New Iron City Rifle Works Tactical Advantage Bolt Carrier Groups

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I will admit, prior to this press release being emailed to me I was blissfully unaware of Iron City Rifle Works and their products. Every now and then even though I try to stay pretty in tune to what is going on in the shooting sports world a manufacture somehow hides from me. Now that I have had a chance to look over Iron City’s inventory, I think I am going to have to part with some money as soon as they get that Copperhead bolt carrier group back in stock.

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Iron City is now introducing a new Tactical line of pretty boss looking AR-15 bolt carrier groups that have been enhanced to provide claimed improvements like better wear resistance, improved heat dissipation and increased lubricity that lead to a softer recoiling rifle. I will say that the milled out areas that lighten the bolt carrier do look pretty awesome. They will be offering the bolt carrier groups in four finishes initially, BlackNitride, C4V (TiN), EVO (NiB EXO), and RangerGrey. Each of the coating has their own benefit as well as an aesthetically pleasing color to them.

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The Tactical Advantage lineup is a pretty wide price range starting at $214.99 for the BlackNitride, $229.99 for the EVO coating, $269.99 for the C4V and the top of the line Ranger Grey tops things out with a price tag of $299.99

If you want to  check the line out more you can click HERE to visit their website.



Patrick R

Patrick is a Senior Writer for The Firearm Blog and works in the shooting sports industry. He is an avid recreational shooter and a verified gun nerd. With a lifelong passion for shooting, he has a love for all types of firearms, especially handguns and the AR-15 platform. Patrick may be contacted at tfbpatrick@gmail.com.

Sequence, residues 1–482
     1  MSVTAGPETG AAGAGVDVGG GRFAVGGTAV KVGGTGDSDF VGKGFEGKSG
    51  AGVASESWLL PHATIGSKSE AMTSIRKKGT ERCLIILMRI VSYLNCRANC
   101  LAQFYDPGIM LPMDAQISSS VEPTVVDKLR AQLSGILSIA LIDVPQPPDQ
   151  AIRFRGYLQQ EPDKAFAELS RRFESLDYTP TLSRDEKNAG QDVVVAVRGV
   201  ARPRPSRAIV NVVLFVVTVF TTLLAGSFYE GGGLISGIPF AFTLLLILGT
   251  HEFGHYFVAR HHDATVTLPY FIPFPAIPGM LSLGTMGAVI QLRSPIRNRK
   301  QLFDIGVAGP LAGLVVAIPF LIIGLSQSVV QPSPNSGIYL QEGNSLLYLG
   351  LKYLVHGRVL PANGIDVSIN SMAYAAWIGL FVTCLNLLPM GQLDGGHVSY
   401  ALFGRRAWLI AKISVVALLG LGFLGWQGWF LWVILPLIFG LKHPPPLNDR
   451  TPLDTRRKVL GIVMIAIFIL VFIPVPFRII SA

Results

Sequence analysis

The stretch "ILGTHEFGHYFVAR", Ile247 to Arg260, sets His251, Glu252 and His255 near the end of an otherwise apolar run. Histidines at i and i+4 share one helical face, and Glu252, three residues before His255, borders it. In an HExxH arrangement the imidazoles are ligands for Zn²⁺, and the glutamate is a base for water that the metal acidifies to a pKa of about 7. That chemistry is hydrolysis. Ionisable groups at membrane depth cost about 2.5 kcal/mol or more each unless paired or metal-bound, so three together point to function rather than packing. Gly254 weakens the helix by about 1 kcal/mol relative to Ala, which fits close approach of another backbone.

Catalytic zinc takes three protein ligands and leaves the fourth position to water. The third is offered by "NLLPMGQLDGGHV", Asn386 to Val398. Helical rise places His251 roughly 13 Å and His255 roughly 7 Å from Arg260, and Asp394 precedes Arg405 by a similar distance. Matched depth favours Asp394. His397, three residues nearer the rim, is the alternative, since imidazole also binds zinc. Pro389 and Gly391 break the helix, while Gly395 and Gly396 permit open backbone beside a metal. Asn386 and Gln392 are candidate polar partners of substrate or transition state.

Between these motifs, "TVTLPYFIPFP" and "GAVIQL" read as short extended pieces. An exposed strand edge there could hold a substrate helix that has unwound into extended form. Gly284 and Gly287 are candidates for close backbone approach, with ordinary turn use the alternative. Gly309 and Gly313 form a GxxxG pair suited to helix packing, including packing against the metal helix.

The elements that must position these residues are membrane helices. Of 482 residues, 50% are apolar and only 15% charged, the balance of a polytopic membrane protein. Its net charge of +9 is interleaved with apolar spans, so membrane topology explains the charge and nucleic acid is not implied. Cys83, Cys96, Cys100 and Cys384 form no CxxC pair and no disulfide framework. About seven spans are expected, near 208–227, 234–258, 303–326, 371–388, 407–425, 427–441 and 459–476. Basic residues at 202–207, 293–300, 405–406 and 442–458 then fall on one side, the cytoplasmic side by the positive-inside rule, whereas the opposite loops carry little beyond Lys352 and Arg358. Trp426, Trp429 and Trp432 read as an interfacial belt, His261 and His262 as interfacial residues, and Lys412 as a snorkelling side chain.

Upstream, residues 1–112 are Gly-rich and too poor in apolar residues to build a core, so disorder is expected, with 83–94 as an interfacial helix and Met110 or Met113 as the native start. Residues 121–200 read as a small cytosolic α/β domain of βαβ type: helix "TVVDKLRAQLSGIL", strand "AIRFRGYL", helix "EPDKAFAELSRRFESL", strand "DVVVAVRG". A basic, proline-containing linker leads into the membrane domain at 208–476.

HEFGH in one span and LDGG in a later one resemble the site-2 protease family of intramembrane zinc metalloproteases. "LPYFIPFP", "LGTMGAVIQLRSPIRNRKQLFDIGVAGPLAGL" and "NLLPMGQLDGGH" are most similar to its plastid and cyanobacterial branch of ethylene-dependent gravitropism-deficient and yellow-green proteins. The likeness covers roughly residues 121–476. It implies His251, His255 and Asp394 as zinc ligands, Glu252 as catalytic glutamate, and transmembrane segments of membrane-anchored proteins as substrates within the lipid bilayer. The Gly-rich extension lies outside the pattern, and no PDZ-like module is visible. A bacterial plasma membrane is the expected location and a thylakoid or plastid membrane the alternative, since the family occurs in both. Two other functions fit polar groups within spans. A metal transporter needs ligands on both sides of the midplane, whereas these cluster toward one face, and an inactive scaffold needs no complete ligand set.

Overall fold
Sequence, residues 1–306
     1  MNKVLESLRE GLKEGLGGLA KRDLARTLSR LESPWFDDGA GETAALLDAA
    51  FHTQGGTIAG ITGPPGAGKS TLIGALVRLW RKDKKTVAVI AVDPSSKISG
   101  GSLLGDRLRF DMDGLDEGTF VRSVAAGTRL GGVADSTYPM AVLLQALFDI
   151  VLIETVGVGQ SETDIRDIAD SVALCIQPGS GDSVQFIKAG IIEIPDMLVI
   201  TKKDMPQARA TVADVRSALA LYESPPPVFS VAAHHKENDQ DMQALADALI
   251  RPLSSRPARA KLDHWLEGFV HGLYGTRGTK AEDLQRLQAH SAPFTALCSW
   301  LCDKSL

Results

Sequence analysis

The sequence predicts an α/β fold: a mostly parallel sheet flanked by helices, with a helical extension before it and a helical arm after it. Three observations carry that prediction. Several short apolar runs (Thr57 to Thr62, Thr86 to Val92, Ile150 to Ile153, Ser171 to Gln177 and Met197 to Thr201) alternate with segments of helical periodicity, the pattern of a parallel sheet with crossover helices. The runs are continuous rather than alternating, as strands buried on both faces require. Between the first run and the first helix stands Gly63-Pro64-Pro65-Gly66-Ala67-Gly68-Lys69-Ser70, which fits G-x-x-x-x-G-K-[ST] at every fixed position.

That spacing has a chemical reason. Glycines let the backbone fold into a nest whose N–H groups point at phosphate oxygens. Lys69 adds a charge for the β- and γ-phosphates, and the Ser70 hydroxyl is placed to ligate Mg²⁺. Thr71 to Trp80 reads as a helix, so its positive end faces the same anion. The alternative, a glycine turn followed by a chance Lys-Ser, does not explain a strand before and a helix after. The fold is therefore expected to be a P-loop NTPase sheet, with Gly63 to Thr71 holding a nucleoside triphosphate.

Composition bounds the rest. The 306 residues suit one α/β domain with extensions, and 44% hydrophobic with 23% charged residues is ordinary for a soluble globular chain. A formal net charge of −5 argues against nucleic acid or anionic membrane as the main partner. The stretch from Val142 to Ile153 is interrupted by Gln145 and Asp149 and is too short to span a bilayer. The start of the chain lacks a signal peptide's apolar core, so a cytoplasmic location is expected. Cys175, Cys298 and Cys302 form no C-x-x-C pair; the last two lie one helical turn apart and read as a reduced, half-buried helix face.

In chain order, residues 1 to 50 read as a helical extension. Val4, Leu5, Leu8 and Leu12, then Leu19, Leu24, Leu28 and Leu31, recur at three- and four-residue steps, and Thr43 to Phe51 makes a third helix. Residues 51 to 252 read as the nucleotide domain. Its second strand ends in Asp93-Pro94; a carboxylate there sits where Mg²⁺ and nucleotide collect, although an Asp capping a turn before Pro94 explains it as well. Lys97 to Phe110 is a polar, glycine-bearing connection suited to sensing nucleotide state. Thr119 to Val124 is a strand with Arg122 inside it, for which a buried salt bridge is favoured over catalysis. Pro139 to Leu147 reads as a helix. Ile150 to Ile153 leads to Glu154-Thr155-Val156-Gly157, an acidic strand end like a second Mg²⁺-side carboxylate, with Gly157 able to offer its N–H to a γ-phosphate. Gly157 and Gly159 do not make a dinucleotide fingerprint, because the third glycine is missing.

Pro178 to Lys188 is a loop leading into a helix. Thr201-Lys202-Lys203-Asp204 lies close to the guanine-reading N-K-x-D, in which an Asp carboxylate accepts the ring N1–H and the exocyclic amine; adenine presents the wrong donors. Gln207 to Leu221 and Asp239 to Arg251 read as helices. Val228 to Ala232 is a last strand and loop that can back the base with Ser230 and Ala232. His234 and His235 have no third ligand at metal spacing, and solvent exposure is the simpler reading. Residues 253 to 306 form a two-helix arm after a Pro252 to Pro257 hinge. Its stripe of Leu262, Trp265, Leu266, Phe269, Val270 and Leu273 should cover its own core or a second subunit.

The above post is my opinion and does not reflect the views of any company or organization.


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  • BillC

    Tactical Advantage? HAHAHAHAHAHAhahahahahahahahahahha. Please.
    Lightening is only for tuned race-guns. Wasn’t a certain designer mentioned here recently where he states the bolt carrier weight should be in-fact, increased?
    Oooh, fancy colors and the promise of much tactical, wow! Here take my money for a $300 BCG that will probably give you nothing but headache. But colors and tactical!

    Improved heat dissipation. Regular BCGs are already cool to the touch if you take it out after shooting (contrary to the piston claim), everything sans ultra-mag dumps (where you’ll have other things to worry about).

    • LG

      I agree. The heavier bolt carrier group that one’s AR can handle the better. The Tubbs’ weights for the bolt carrier group, once the correct weight combination for the rounds is ascertained, are terrific.

      • raz-0

        It’s mass of the BCG +buffer Vs. spring rate and gas supply. There is no absolute right answer, just a functional balancing of those factors.

        Lighter is better in most ways, but you have to reduce the gas. That is as long as your cyclic rate doesn’t climb too high, because then you have to worry about outrunning the mag springs. Adding mass is easier and cheaper to machine, overgassing eliminates most of the reliability issues form doing that, and it is more amenable to full auto. Hence why it is the mil-spec. It’s also what tends to get manufactured in large volume because QC on it is less labor intensive.

        Competitors want fast, accurate, and don’t really want to clean it too much over significant round counts. I find it amusing when people say something is “just for competition” It may not be battlefield abusive, but it certainly is harsher than most civilian use.

        The tubb weights work when you don’t care how long it takes to settle back to a good sight picture.